"The 400 Blows" Is Released
The 400 Blows (French: Les Quatre Cents Coups) is a 1959 French film directed by François Truffaut.
One of the defining films of the French New Wave, it displays many of the characteristic traits of the movement. The story revolves around Antoine Doinel, an ordinary adolescent in Paris, who is thought by his parents and teachers to be a trouble maker.
A semi-autobiographical film, reflecting events of Truffaut's and his friend's lives, its style amounts to Truffaut's personal history of French film — most notably a scene borrowed wholesale from Jean Vigo's Zéro de conduite. It is dedicated to the man who became his spiritual father, André Bazin, who died just as the film was about to be shot.
Besides being a character study, the film is an exposé of the injustices of the treatment of juvenile offenders in France at the time.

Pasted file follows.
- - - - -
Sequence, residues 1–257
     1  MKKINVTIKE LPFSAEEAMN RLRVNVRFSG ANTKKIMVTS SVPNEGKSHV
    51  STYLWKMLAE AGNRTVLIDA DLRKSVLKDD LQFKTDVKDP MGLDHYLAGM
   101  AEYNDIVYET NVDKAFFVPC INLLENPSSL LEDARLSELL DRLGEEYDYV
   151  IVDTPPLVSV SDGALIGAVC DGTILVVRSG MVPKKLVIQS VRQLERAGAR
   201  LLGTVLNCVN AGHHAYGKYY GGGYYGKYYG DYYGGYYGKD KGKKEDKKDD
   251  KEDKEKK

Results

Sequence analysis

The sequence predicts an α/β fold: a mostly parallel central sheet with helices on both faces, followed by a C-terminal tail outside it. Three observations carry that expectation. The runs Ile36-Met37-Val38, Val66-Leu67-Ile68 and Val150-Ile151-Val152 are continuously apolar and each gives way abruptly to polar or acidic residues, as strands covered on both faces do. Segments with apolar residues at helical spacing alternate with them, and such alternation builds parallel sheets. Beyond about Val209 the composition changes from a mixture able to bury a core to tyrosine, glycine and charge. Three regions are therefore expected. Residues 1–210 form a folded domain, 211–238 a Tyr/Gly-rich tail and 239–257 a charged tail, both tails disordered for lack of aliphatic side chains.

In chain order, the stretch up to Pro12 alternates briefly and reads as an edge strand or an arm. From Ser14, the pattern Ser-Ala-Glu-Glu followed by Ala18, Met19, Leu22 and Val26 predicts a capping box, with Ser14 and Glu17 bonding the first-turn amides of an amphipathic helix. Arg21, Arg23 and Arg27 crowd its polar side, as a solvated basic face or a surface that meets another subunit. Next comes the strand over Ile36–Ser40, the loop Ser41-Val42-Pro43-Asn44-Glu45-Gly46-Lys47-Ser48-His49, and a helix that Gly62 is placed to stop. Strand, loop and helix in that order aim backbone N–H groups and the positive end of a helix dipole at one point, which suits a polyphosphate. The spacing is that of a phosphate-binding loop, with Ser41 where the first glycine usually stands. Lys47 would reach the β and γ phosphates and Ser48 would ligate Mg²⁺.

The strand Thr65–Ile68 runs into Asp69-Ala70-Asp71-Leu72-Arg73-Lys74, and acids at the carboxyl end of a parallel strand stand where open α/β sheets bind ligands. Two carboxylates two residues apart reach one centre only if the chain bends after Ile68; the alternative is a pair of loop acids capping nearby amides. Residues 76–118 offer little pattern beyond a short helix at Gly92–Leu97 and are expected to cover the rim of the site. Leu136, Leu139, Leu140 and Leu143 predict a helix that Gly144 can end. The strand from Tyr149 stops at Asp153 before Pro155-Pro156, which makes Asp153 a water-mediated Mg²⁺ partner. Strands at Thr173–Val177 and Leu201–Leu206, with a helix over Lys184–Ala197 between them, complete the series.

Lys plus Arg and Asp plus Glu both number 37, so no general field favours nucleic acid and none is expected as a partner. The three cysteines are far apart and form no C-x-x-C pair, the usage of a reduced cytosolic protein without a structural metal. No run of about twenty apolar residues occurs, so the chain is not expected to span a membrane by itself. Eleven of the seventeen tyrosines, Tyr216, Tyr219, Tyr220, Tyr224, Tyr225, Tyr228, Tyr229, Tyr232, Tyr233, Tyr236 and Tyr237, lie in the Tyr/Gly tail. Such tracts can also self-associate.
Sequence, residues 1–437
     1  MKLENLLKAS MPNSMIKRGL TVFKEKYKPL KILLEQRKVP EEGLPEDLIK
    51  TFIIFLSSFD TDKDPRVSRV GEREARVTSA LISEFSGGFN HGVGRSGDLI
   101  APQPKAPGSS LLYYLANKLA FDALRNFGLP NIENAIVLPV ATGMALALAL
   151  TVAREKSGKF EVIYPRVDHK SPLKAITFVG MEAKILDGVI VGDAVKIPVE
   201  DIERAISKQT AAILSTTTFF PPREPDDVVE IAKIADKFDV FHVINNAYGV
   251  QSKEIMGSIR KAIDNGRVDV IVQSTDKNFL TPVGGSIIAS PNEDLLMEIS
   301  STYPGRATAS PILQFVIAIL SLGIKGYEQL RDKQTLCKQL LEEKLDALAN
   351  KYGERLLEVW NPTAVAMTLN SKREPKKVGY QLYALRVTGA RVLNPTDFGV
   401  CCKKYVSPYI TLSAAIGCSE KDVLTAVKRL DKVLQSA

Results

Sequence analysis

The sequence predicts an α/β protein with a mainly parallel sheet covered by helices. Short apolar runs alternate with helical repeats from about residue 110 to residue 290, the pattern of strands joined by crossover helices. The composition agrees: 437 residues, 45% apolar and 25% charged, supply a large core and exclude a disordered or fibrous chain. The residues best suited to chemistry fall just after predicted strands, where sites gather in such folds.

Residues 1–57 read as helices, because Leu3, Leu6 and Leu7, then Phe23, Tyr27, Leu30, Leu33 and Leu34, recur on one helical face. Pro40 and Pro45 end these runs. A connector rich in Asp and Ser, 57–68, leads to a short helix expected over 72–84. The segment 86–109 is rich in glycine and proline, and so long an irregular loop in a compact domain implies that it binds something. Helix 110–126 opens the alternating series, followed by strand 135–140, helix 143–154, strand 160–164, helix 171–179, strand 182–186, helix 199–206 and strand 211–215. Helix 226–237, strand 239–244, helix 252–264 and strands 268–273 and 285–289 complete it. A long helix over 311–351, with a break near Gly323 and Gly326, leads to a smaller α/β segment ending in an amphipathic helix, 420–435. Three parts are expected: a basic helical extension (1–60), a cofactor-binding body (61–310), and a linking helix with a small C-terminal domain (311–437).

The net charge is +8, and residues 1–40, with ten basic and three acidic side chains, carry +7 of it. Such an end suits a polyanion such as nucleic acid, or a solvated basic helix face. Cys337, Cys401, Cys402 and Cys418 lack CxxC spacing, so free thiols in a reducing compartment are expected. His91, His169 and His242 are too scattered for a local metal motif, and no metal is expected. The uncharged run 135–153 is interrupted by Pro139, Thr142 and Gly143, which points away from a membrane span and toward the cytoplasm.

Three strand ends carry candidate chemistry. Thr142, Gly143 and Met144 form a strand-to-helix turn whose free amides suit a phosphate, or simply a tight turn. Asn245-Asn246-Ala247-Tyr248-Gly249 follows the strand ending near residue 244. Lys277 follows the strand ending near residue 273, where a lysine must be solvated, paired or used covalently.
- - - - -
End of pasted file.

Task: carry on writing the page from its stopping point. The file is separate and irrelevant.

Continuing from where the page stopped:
For his feature-film debut, critic-turned-director François Truffaut drew inspiration from his own troubled childhood. The 400 Blows stars Jean-Pierre Léaud as Antoine Doinel, Truffaut's preteen alter ego. Misunderstood at home by his parents and tormented in school by his insensitive teacher (Guy Decomble), Antoine frequently runs away from both places. The boy finally quits school after being accused of plagiarism by his teacher. He steals a typewriter from his father (Albert Remy) to finance his plans to leave home. The father angrily turns Antoine over to the police, who lock the boy up with hardened criminals. A psychiatrist at a delinquency center probes Antoine's unhappiness, which he reveals in a fragmented series of monologues. Originally intended as a 20-minute short, The 400 Blows was expanded into a feature when Truffaut decided to elaborate on his self-analysis. For the benefit of Truffaut's fellow film buffs, The 400 Blows is full of brief references to favorite directors, notably Truffaut's then-idol Jean Vigo. The film won the 1959 Best Director prize at the Cannes Film Festival, even though Truffaut had been declared persona non grata the year before for his inflammatory comments about the festival's commercialism. ~ Hal Erickson, All Movie Guide